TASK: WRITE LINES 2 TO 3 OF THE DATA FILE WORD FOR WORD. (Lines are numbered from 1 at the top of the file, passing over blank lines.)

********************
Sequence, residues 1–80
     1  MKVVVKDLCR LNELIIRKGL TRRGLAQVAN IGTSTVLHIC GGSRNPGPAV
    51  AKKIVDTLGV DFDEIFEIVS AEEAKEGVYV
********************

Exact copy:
     1  MKVVVKDLCR LNELIIRKGL TRRGLAQVAN IGTSTVLHIC GGSRNPGPAV
    51  AKKIVDTLGV DFDEIFEIVS AEEAKEGVYV